I created 3 different implementations (which produce the same results) using the count_if function from STL. I wish to check the number of elements in the vector which are strictly less than 6.

These are:

  1. C++ lambda function
  2. Global function (no functor)
  3. Using class and creating my own functor

These implementations work, but, how can I improve them into a more efficient and robust solutions?

#include <vector>
#include <algorithm>
#include <numeric>
#include <functional>
#include <iostream>

using namespace std;

// GLOBAL function (not FUNCTOR) See below for FUNCTOR implementation! 
template <int num>
bool lessThan(int x)
    return(x < num); // return TRUE if the value is less than NUM

// Paramterized Function with more robust FUNCTOR implementation (written by me) (I know stl has this built in)
class LessThan 
    int m_x; // the value we wish to be less than 
    LessThan(int val) : m_x(val) {} // custom constructor: assign a value to x
    bool operator() (int upper) // all values must be strictly less than the upper bound 
        return (m_x < upper);

int main()
    vector<int> vec = { 2, 7, 4, 5, 7, 7};

    // Using new C++ Lambda function implementation
    int x = count_if(vec.begin(), vec.end(), [](int x) {return x < 6; }); // using C++ Lambda Function (just a function with no name)
    cout <<"There exists " << x << " integers in vec which are strictly less than 6." << endl;

    // Using global lessThan6 implementation (NOT FUNCTOR)
    int y = count_if(vec.begin(), vec.end(), lessThan<6>); // not very robust 
    cout << "There exists " << y << " integers in vec which are strictly less than 6." << endl;

    // Using MY OWN FUNCTOR implementation 
    int z = count_if(vec.begin(), vec.end(), LessThan(6)); // robust 
    cout << "There exists " << z << " integers in vec which are strictly less than 6." << endl;

  • \$\begingroup\$ You don't say why you have 3 different implementations. Do you need 3? If not, then the one that uses the lambda expression is the best. The others are redundant. \$\endgroup\$ – ksl Jul 16 '15 at 10:32

I'm not sure entirely what you're asking. If you're asking for which of three is "better" code between:

int x = count_if(vec.begin(), vec.end(), [](int x) {return x < 6; });
int y = count_if(vec.begin(), vec.end(), lessThan<6>);
int z = count_if(vec.begin(), vec.end(), LessThan(6));

I would say x then z then y. The reason for this is that the lambda solution is the only one where the actual functor is in-line with the algorithm. Anybody reading that code knows exactly what x should be immediately. There is no question. It is clear (to the extent that lambda syntax is) and concise.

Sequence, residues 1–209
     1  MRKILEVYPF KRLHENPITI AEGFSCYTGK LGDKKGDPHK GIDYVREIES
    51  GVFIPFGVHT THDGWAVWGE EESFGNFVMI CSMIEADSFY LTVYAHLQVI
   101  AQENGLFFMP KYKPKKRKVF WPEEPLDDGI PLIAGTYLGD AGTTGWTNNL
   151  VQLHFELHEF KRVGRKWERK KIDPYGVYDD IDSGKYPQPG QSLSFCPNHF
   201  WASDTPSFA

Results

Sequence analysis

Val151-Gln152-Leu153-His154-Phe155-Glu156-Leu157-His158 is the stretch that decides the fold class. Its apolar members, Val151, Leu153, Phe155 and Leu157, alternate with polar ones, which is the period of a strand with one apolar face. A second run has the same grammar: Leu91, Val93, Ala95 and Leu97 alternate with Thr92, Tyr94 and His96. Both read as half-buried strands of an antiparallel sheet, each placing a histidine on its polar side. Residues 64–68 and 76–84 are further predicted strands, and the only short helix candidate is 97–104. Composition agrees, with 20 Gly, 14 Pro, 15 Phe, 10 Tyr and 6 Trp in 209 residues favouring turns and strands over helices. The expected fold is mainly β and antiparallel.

z would be the C++03 way of doing this thing. It's... ok. We wrote that code for many years. The problem is the body of the functor is often hundreds of lines removed from the call, maybe in a different file... so readers of your code will have to find it. And it's never going to be perfectly clear either (who knows, maybe you named your functor weird and it's returning 6 < x? Naming things is really hard)

y is the worst. Having 6 as a template argument adds nothing to your performance (it's not like you're optimizing out a comparison), has equal readability loss compared to the lambda with the functor, and on top of that, can't even be called with a variable. With the other two, I can easily write:

int threshold = get_threshold();
int x = count_if(vec.begin(), vec.end(), [=](int x) {return x < threshold; });
int z = count_if(vec.begin(), vec.end(), LessThan(threshold));

But there's no way to pass threshold in as a template.

Typically, for algorithms, strongly prefer lambda unless (1) the algorithm call is a small part of the function and (2) the functor is very long and complicated. I say both must be met because something like this is still perfectly acceptable in my opinion:

int countBySomeCriteria() {
    return count_if(vec.begin(), vec.end(), [=](Foo const&) {
        /* some 15 line complicated functor */

whereas if that call were surrounded by a lot of other logic, it would be much harder to easily make out.

Lambdas got added to the language basically to make stuff like this easier to write and easier to read. You should use them because they succeed in that goal.

PS. There is a fourth way to pass a functor: the lambda that was a lambda before C++11 lambdas: Boost.Lambda:

int q = count_if(vec.begin(), vec.end(), _1 < 6);

Make of that what you will.

| improve this answer | |
  • 2
    \$\begingroup\$ Good review. One minor nit is that I'd be inclined to capture threshold explicitly by value [threshold](int x){return x < threshold; } rather than capturing all automatic variables as with [=]. See en.cppreference.com/w/cpp/language/lambda for more details on the options. \$\endgroup\$ – Edward Jul 16 '15 at 11:23
  • 1
    \$\begingroup\$ so readers of your code will have to find it. Anybody using a decent editor (and we are all engineers so we are using good editors) should be one click away from the source. If I want to find it <ctrl> ] takes me directly to the source. \$\endgroup\$ – Martin York Jul 17 '15 at 17:00
  • \$\begingroup\$ Otherwise totally agree: Prefer Lambda as long as it is short. Short is a relative term and will depend on context. \$\endgroup\$ – Martin York Jul 17 '15 at 17:05
  • \$\begingroup\$ @Barry: You are implying that it is hard to find and inconvenient (true if you are using notepad but otherwise not). <ctrl> ]:sp<return>:pop<return> Takes me less than a second to get the code sitting side by side with the call point. \$\endgroup\$ – Martin York Jul 17 '15 at 17:19
  • \$\begingroup\$ @Barry: You spent a whole paragraph on the topic to explain as a reason to explain why lambdas are better. So if finding the code nor comparing it against the original is not a hindrance there is no need to mention it. \$\endgroup\$ – Martin York Jul 17 '15 at 17:48

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